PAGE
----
Including a climate specialist such as Hauc on debate panels should be standard practice for news outlets; among other things, it could help avoid missteps like the one that marred climate discussion during the January 14 debate hosted by CNN. That night, when asked about his opposition to president Donald Trump’s then-pending US-Canada-Mexico trade deal, Senator Bernie Sanders said it overlooked “the greatest threat facing this planet into consideration.” A CNN moderator interrupted to say, “We’re going to get to climate, but we need to stay on trade.” Sanders shot back, accurately, “They’re the same.” (CNN does deserve credit for devoting seven hours of programming in September to discussing climate policy with Democratic candidates, even if those discussions were scheduled during the low-rated Saturday evening hours.)
Whatever else the 2020 election is, there can be no doubt that it is a climate election. Scientists have long identified 2020 as a cardinal date in the history of the climate crisis. By 2020, they said, it would be clear whether greenhouse gas emissions were being sufficiently curbed to forestall grave, perhaps irreversible damage to civilization. The approaches of America’s two major political parties to this challenge could hardly be more different. To President Trump and many Republicans, there is no such thing as a climate crisis; their party has long rejected climate science and insisted that producing more oil, gas, and coal can only be good for America. Democrats, meanwhile, accept the scientific consensus and see the climate crisis as an urgent priority, and most of their presidential candidates support one version or another of a Green New Deal (though they still differ on issues including fracking and fossil-fuel exports). On November 3, America’s voters will choose one approach or the other. It is journalists’ job to give them the facts and analysis they need to make up their minds.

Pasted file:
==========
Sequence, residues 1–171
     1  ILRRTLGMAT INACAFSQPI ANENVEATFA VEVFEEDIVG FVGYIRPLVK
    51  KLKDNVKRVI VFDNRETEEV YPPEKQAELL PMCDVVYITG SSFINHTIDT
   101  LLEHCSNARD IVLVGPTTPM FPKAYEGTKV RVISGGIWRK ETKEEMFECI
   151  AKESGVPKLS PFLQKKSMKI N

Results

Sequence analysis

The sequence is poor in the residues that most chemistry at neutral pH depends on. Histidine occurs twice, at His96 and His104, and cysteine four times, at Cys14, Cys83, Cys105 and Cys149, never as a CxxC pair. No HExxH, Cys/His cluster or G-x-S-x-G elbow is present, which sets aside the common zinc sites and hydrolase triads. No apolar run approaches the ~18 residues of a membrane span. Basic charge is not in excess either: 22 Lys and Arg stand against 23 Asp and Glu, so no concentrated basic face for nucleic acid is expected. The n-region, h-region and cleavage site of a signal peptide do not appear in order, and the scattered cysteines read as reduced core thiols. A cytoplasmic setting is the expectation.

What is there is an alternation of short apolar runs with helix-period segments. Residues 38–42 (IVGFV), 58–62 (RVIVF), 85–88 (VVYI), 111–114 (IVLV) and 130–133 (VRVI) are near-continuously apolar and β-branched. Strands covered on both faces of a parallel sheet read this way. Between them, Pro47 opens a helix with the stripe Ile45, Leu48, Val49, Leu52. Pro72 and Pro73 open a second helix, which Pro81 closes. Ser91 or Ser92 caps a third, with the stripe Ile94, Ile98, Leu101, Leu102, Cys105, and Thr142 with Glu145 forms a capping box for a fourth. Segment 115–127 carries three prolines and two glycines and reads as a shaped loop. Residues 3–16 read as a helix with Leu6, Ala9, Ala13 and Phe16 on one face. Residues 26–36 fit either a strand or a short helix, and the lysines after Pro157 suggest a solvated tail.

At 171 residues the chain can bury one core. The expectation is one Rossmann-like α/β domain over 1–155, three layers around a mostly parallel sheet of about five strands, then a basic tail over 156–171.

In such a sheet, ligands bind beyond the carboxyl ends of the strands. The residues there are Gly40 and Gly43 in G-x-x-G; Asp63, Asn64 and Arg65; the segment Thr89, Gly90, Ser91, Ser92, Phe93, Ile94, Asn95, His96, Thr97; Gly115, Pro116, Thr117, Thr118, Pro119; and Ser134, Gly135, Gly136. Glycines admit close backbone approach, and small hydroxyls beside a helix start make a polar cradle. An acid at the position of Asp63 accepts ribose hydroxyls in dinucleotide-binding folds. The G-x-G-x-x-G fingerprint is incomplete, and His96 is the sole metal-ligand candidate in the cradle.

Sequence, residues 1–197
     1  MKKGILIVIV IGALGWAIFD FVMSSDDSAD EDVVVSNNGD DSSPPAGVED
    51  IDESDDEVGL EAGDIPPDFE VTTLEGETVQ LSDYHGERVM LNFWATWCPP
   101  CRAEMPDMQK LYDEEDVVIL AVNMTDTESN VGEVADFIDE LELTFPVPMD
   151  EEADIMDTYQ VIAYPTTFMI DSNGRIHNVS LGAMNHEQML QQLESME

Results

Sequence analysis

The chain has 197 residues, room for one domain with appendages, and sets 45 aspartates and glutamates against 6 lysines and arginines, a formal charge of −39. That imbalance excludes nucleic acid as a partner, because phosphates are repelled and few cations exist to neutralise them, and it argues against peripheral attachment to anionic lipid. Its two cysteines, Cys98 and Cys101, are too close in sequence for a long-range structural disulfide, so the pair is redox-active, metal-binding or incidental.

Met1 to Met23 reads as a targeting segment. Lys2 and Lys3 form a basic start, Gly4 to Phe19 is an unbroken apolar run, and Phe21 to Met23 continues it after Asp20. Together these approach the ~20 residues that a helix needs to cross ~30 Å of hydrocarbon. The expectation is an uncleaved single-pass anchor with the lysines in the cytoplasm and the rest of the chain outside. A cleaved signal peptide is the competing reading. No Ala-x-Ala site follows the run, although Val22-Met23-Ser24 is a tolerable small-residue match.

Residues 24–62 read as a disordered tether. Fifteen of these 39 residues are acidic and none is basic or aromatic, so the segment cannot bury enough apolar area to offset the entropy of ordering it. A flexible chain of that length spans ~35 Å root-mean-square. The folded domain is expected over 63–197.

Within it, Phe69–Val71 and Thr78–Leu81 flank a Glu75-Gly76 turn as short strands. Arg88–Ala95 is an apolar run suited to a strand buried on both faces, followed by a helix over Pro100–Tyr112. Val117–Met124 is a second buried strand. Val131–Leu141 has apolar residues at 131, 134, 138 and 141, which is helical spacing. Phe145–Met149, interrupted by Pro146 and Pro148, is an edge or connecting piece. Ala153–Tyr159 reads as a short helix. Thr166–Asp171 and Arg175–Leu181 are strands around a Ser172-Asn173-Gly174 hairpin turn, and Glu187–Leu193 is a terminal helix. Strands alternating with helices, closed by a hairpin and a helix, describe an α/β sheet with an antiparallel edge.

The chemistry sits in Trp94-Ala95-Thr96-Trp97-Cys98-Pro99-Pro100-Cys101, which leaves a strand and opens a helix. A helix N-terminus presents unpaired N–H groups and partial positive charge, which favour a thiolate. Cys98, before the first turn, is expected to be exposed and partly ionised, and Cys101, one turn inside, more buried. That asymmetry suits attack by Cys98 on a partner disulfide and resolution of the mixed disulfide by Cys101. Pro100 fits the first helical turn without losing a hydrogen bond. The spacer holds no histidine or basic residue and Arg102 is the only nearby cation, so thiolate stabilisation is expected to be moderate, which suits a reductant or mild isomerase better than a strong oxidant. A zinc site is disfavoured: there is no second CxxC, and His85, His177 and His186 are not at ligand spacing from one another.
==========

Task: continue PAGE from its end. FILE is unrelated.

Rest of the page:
Some additional climate news and coverage of note:
- On Monday, Jeff Bezos, Amazon’s founder and chief executive and the world’s richest man, committed $10 billion to combatting the climate crisis. Much coverage noted, correctly, that Amazon’s own carbon footprint is enormous—and that, in January, the company threatened to fire employees who spoke out about its role in the climate crisis. As Matt Reynolds, Wired’s science editor in the UK, argues: “While Bezos has—belatedly—stepped up to the plate with big gestures of climate support, this shouldn’t distract from the more mundane ways that Amazon continues to avoid its climate responsibility.”
- In a short and touching feature, The Guardian profiles the young people in small communities and rural areas around the world who are following the lead of climate strikers like Greta Thunberg but having to go it alone. It can be isolating work, the young people explain, but social media, including the Twitter page Solo But Not Alone, has helped broaden their reach. “We really want to make sure that even if only one person is striking, their voice is heard and it is loud,” one striker tells The Guardian.
- A new study shows that nearly one-fifth of the Amazon rainforest is now emitting more carbon than it absorbs, according to the BBC—meaning that one of the earth’s essential tools for slowing climate change may instead be turning into a carbon source. With deforestation on the rise in Brazil and a government in the country that is hostile towards conservation efforts, experts warn the forest may reach a “tipping point.”
- The New York Times has a deeply reported and visually rich tale of sea level rise in two metropolitan areas: the San Francisco Bay Area and Manila, Philippines. In both places, “climate change has magnified years of short-sighted decisions,” the Times writes. Now, with more water inevitably on its way over the course of this century, people are left only to cope. How they do so will depend “mostly on the accident of your birth: Whether you were born rich or poor, in a wealthy country or a struggling one, whether you have insurance or not, whether your property is worth millions or is little more than a tin roof.”
- For Yale Environment 360, veteran climate writer David Victor proposes a framework for climate-change mitigation based on rapid technological innovation across industries. Traditional diplomacy is unlikely on its own to move fast enough to face the crisis, Victor argues, given its imperative for consensus among a multitude of actors; revolutions in various economic sectors, instead, may create the system of incentives that is needed for government leaders to finally embrace climate action.